Every now and then he looked up to ask what Evo was saying, since at his seventy-two years of age, Hugo Blanco is nearly deaf. I think that girls grow up wanting to tell their own story and get that back. Once again, Batuman is being reductive and taking nonsensical leaps of logic. Batuman herself had spent several years there writing about politics and culture. MFAs want to learn how to tell a good story — e. But there were also very long, meandering parts.
It might have been suicide. What remains to be written about? I think we were around eleven or twelve. Selin is trying to work out how to be a writer, and how to live — or as she puts it: It was the same with feminism. She has to keep going somehow.
On the other hand, The Red and the Black is a book I actually want to read. She has to keep going somehow. Also, we would go back to Turkey every summer and then I would see that there was a whole country where a lot of things were different. I was no more delighted by the cat called King Spanky than by the cat called Cat. That made me realise that these central tensions of the Russian novel — particularly for Dostoevsky, between Westernisation and authenticity, some kind of more Eastern authenticity, and the limitations of the scientistic world… Growing up as the child of scientists, I thought science could explain everything.
And why do stories have to be made up?
Elif Batuman on Fictionalizing Her Life, and Learning to Fact Check
To explain her literary strategy, Batuman went back to the Russians. Selin goes to work on linguistics, befriends a cultivated Serbian named Svetlana, and falls in love with Ivan, a Hungarian mathematician in her beginning Russian class. Upon arrival, she had been whisked away to Wales for the Hay Festival. Cancel reply Your email address will not be published.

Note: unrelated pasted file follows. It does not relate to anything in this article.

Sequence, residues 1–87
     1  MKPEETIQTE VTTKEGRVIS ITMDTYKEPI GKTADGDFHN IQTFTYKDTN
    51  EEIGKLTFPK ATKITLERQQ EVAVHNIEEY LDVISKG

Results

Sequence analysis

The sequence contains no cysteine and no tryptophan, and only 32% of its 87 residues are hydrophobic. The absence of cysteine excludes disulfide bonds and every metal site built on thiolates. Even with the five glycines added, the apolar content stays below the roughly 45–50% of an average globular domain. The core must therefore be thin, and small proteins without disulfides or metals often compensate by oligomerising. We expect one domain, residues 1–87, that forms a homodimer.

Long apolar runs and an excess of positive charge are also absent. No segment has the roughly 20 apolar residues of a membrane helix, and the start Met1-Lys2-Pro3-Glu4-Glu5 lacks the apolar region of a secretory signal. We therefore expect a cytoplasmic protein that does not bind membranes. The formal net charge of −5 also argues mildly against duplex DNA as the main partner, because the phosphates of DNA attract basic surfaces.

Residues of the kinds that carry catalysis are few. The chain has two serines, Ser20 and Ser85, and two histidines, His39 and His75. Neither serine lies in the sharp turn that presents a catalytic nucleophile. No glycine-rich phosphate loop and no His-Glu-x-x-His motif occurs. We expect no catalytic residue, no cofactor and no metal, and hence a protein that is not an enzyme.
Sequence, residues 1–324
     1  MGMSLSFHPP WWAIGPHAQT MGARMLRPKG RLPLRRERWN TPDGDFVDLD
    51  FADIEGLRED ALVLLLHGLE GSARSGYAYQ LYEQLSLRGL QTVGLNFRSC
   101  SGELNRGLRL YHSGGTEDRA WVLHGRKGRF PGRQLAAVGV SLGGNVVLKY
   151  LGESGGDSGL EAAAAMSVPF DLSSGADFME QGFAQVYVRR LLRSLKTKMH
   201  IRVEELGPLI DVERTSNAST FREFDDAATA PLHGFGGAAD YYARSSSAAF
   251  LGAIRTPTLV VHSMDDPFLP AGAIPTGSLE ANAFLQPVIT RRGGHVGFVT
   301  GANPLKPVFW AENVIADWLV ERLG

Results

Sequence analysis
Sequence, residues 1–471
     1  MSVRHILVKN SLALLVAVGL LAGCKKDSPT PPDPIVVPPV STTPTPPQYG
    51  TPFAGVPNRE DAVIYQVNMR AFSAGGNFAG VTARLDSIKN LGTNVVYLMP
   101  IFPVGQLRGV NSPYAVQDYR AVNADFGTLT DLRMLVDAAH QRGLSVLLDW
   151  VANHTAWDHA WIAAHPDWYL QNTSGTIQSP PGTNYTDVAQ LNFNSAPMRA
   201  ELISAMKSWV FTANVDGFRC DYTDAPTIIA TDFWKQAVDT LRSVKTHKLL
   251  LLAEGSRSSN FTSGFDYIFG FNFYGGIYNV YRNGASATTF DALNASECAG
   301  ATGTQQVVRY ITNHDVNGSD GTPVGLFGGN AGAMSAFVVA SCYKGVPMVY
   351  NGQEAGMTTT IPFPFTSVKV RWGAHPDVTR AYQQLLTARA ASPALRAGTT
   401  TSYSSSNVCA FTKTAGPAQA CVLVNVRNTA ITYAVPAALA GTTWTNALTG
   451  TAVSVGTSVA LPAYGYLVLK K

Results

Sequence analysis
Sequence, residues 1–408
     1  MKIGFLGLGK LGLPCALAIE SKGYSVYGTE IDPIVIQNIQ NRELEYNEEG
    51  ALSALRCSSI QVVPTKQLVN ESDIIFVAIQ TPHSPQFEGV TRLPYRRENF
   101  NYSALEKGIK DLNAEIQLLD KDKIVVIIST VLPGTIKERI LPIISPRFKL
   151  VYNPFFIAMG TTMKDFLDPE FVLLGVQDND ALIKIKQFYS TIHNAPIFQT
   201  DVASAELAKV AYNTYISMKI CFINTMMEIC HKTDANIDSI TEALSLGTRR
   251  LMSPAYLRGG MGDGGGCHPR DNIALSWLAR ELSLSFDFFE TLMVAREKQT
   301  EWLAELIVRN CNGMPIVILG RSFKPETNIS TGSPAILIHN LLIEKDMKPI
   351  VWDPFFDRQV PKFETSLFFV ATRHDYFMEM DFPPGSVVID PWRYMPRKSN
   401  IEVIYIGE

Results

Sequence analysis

Batuman immersed herself in the Russian language at Harvard, and went to Stanford for a PhD in comparative literature. A History of Money. A Elif Batuman — Well, for a long time I was disinclined to write about anything very political. A lot of the way the pacing happened was in the editing. Here is the crux of the problem, the single greatest obstacle to American literature today: Your email address will not be published. It was very strange.
Part of it was going to therapy, because I thought of myself as someone who was less formed by their parents and their upbringing than most people. I thought that women just have to work a little harder and be better than men, and problem solved. Batuman originally wanted to write the book as a novel, but was told nobody wanted to read fiction about a depressed graduate student.
Every last clerk, child, and goat has a name. The short story is a fundamentally unironic form, and for this reason I think it is doomed.
Elif Batuman: Get a Real Degree
The big historical mysteries are related to, but do not seamlessly explain, the small everyday mysteries. I saw the rise, or the re-rise, of xenophobia and all kinds of things that I thought were over.
But there were also very long, meandering parts. I was thinking about what to take out and what to leave in, and a big guiding principle to me was that if something was funny, if abtuman really made me laugh when I reread it, then I almost always left it in. In Russian class, she meets Ivan, a Hungarian mathematician.
Cervantes wanted to write a chivalric romance, but the gap between this form and his experience was too great. She just really feels herself to be in this bind, which is something that I think is especially intense for writers.
Fifteen or so years later, she was having difficulty with a novel about her life after The Possessedand kept being drawn to flashbacks to a more innocent time. Yeah, for me too I would say.
Elif Batuman on Fictionalizing Her Life, and Learning to Fact Check | Literary Hub
Novels have gotten so short lately, with the exception of those that have gotten very long. On her day off, she visited the Giacometti exhibition at the Tate.
The short-story form can only accommodate a very specific content: The letters will be published soon in The Keats-Shelley Journal. After 12 years writing for The New Yorkerfirst as a freelancer, then as a staff writer, Batuman finds writing a novel to be an enlightening change.
Does that inclination as a reader inform the subjects that interest you as a writer?